DOJ emails show feds kept judges in the dark about cellphone tracking device

Department of Justice documents obtained by the ACLU reveal that the department has not been “forthright” with California judges about its use of a controversial and sophisticated cellphone tracking device, according to the ACLU.

Federal investigators, according to the ACLU’s analysis of Justice Department emails, have “routinely” used a portable technology called a “stingray,” which masquerades as a cellphone tower by emitting a powerful signal. The goal is to trick nearby cellphones into connecting to the stingray, which can then gather data transmitted by the phones.

The device target the cellphones of intended suspects, but it can also capture the cellphone data of nearby innocent people for up to several kilometers.

The emails —obtained through a Freedom of Information Act request filed by the ACLU of Northern California and the San Francisco Bay Guardian — came to light as part of a larger investigation into the methods used by the Justice Department to track down a suspect in an electronic tax fraud scheme.

The Justice Department sought a court order mandating that Verizon hand over location data for the phone of the suspect, Daniel Rigmaiden. While the Justice Department’s request mentioned that it would use a mobile location tracking device, it did not specify that a stingray would be used.

Rigmaiden, who was indicted in 2008, has since argued that he should have access to details about the investigative methods used to track him down. A federal magistrate judge has been sympathetic to that position.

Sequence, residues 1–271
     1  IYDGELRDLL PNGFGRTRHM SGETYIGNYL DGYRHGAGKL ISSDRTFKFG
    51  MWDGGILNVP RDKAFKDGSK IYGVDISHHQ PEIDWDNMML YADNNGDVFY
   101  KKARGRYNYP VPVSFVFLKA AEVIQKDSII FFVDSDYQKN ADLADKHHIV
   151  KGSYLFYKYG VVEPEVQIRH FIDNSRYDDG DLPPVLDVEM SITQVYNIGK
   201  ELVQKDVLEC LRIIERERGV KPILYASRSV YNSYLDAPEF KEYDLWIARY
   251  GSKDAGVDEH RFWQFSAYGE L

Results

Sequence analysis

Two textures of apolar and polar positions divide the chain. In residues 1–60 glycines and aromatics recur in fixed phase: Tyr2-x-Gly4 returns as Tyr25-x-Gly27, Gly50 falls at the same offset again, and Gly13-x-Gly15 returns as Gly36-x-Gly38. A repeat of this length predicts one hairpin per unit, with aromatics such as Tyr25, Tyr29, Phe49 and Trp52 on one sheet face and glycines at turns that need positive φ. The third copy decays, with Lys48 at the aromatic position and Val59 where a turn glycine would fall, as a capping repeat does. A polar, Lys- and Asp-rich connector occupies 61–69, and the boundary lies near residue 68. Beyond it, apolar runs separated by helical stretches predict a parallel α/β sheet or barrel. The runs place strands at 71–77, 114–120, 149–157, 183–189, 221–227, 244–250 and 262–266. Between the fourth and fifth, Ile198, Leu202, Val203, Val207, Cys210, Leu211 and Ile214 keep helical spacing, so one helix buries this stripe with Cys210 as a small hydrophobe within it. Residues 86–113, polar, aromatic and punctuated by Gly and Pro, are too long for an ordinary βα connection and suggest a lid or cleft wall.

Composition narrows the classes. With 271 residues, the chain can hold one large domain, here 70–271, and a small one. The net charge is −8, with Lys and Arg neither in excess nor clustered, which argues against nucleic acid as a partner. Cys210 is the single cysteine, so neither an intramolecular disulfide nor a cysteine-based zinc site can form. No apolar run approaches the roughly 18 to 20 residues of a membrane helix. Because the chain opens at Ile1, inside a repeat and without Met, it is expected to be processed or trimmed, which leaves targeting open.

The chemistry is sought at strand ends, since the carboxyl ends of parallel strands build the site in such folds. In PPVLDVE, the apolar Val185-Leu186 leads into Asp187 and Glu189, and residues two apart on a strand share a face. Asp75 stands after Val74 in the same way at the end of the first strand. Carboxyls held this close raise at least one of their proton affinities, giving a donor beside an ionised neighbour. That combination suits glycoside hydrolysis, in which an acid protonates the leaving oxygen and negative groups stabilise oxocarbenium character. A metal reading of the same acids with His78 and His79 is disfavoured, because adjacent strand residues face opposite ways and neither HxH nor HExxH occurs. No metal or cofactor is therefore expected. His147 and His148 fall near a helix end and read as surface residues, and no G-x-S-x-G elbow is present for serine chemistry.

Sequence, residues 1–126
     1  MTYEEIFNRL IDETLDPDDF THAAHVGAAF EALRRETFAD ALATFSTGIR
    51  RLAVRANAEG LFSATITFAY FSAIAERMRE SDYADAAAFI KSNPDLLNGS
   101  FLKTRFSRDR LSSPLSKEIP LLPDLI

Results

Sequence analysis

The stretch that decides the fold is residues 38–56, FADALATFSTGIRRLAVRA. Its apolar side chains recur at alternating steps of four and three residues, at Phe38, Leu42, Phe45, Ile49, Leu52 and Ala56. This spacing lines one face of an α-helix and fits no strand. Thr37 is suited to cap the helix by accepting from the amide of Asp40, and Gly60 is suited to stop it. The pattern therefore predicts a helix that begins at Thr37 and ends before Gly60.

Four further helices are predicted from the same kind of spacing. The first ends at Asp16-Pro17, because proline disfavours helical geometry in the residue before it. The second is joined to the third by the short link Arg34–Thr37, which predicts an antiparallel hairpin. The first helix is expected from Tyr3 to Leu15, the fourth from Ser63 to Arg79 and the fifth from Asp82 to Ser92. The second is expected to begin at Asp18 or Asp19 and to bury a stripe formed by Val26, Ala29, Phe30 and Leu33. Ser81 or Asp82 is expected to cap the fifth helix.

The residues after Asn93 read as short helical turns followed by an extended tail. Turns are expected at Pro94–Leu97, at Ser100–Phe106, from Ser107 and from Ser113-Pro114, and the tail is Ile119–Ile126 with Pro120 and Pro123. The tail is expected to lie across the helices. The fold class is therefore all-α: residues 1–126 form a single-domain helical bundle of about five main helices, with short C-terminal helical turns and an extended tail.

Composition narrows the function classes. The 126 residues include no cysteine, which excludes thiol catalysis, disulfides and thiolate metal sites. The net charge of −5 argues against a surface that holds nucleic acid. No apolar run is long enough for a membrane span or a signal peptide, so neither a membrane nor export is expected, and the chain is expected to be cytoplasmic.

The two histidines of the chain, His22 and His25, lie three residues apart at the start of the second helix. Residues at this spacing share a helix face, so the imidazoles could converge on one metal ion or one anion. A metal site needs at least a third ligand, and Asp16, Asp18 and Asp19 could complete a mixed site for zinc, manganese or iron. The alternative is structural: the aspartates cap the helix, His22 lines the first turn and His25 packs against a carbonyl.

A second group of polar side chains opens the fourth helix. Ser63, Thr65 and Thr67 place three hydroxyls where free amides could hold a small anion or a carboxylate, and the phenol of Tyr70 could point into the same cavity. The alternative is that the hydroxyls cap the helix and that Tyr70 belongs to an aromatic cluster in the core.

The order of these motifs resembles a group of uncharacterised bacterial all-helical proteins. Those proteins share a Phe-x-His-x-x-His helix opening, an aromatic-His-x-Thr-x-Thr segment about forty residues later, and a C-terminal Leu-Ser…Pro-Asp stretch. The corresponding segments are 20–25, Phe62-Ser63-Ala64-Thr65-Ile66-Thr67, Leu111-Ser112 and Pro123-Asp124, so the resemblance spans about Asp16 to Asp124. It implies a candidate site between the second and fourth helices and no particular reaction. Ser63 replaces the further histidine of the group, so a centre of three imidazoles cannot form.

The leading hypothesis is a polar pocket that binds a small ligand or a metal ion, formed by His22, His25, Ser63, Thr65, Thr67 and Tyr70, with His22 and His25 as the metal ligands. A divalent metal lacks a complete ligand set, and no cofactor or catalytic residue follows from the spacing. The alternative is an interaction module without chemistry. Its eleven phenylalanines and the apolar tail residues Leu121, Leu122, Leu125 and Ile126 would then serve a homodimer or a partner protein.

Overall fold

The Justice Department has also argued that in-field use of the device was an innocent mistake by agents “using a relatively new technology,” but the emails obtained by the ACLU demonstrate that the government’s undeclared in-field use of the stingray was not isolated to the Rigmaiden case.

For example, an email chain dated May 2011 showed that federal investigators were still using the technology in the field, although their court applications for surveillance failed to “make that explicit.”

The federal government has argued, however, that tools like the stingray can be used without a search warrant because they do not capture the content of communications made with cellphones. Instead, they capture only limited data, such as the phone numbers dialed.

Federal officials also contend that they delete the tracking data collected during stingray surveillance operations.

The Electronic Privacy Information Center (EPIC) also obtained documents from the FBI in February 2013 that revealed the technology not only targeted Rigmaiden, but also innocent cellphones within the vicinity of the signal.